21 Nov 2014

Financial Modelling: Model Design

Best Practice

Ultimately, the best practice is to invest time, thinking about a model before it is built, focusing on what it is needed for and what is the best way of structuring the model in order to achieve its objectives. The more time spent thinking about a model at the outset will save time later in the production process; remember that computers do not think, so we have to do the thinking for them. Once the objectives of the model have been thought about and the structure of the model set, the next most important rule to bear in mind when building a model is to keep it as simple as possible! Ask the following questions constantly when building any financial model:

Although a model will always reflect the way that the designer thinks, there are a few steps that can be taken to ensure that somebody else could use, and improve the understanding of, any model. Utilising these steps will also help to minimise errors:

12 Nov 2014

Financial Forecasting & Modelling


In order to value a company or understand its credit position, it is necessary to have a view about its future profitability, financial position and growth.

The assessment of future profitability, financial position and growth is based on assumptions about how fast a company will increase its sales, how much it will need to invest in order to be able to produce its goods, and how efficiently the company will be at turning sales into profits. 

Making assumptions is not an exact science: assumptions are reasonable or unreasonable, aggressive or conservative. On the other hand, producing an integrated set of financial statements based on agreed assumptions should only give one potential outcome: the answer is either right or wrong.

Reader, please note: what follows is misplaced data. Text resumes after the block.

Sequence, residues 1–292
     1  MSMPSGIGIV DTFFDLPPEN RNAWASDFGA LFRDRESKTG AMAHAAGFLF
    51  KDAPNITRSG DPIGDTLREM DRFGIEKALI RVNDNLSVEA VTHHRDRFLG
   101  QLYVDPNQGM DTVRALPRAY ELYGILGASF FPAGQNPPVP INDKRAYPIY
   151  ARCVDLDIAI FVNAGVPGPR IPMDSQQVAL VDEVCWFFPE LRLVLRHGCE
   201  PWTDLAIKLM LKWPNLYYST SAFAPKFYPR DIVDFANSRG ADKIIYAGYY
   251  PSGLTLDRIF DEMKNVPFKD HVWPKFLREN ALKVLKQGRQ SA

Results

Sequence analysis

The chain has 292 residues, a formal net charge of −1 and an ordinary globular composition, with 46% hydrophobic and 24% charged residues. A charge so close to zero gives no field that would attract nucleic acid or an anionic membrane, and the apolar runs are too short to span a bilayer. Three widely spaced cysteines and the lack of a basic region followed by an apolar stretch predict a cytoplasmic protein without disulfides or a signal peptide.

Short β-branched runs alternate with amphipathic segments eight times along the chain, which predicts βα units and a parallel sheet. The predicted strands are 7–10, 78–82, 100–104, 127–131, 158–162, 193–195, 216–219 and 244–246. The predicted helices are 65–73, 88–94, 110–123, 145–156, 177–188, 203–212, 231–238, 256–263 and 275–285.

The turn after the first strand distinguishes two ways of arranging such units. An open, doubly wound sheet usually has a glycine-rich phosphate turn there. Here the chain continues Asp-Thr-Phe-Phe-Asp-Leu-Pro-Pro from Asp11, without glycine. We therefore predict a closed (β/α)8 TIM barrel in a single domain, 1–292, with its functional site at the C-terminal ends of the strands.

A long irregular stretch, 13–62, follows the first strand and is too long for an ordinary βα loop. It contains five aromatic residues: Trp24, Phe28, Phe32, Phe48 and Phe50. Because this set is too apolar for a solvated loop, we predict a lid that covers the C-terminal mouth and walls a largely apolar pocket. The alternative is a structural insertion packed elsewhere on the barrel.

In building any financial forecast model, it is easy to become too engrossed in the details and lose focus on the aggregate result. It is often the case that once a model is built, it is better to improve a valuation by matching a decline in future ROCE (Return On Capital Employed) against a reduction in competitive advantage, rather than precisely modelling accounts receivable in 20 years’ time. There is value in thinking about how to go about forecasting and what level of detail is required in the model.

This manual covers how to build a fully integrated Excel model to forecast the financial performance of a company, based on reasonable assumptions and on the correct mechanics. It discusses how to achieve realistic forecasts and provides guidance in terms of model design, structure and formatting best practices.

7 Nov 2014

Types of Valuation

Standalone Valuation

As discussed above, there are two main types of valuation used to value a company, either an absolute valuation tool which attempts to arrive at a nominal valuation, or a relative valuation tool, which uses the value of other companies in the market to determine the value of the company being valued. The two types of tool and approaches have been neatly summarised by the following quotes by two successful investors:

An absolute valuation approach produces a nominal valuation, i.e. the value in pounds, dollars or euros that the company’s shares should trade at if fairly valued. This type of valuation is often called an “intrinsic value”, because it is highly unlikely that the company’s shares do trade at this value. An absolute valuation approach assumes that the market is inefficient at valuing companies. 

A relative valuation approach produces a valuation based on how other similar companies are valued by the market and assumes that the market, in aggregate, is correctly valued but that inefficiencies in valuation exist across the market or individual sectors. Both absolute and relative valuation tools are generally used to value a company on what is called a standalone basis, i.e. the company being valued is being valued in isolation.

Market Practice and Combination Valuation

In practice, a combination of absolute and relative valuation tools would be used to value a business. Often an absolute valuation tool such as DCF would be used as the first pass at valuation and then a cross-check would be performed using relative valuation tools such as multiples to gauge how the market was valuing similar companies. Other absolute valuation methodologies would be Economic Value Added (EVA) or Adjusted Present Value (APV).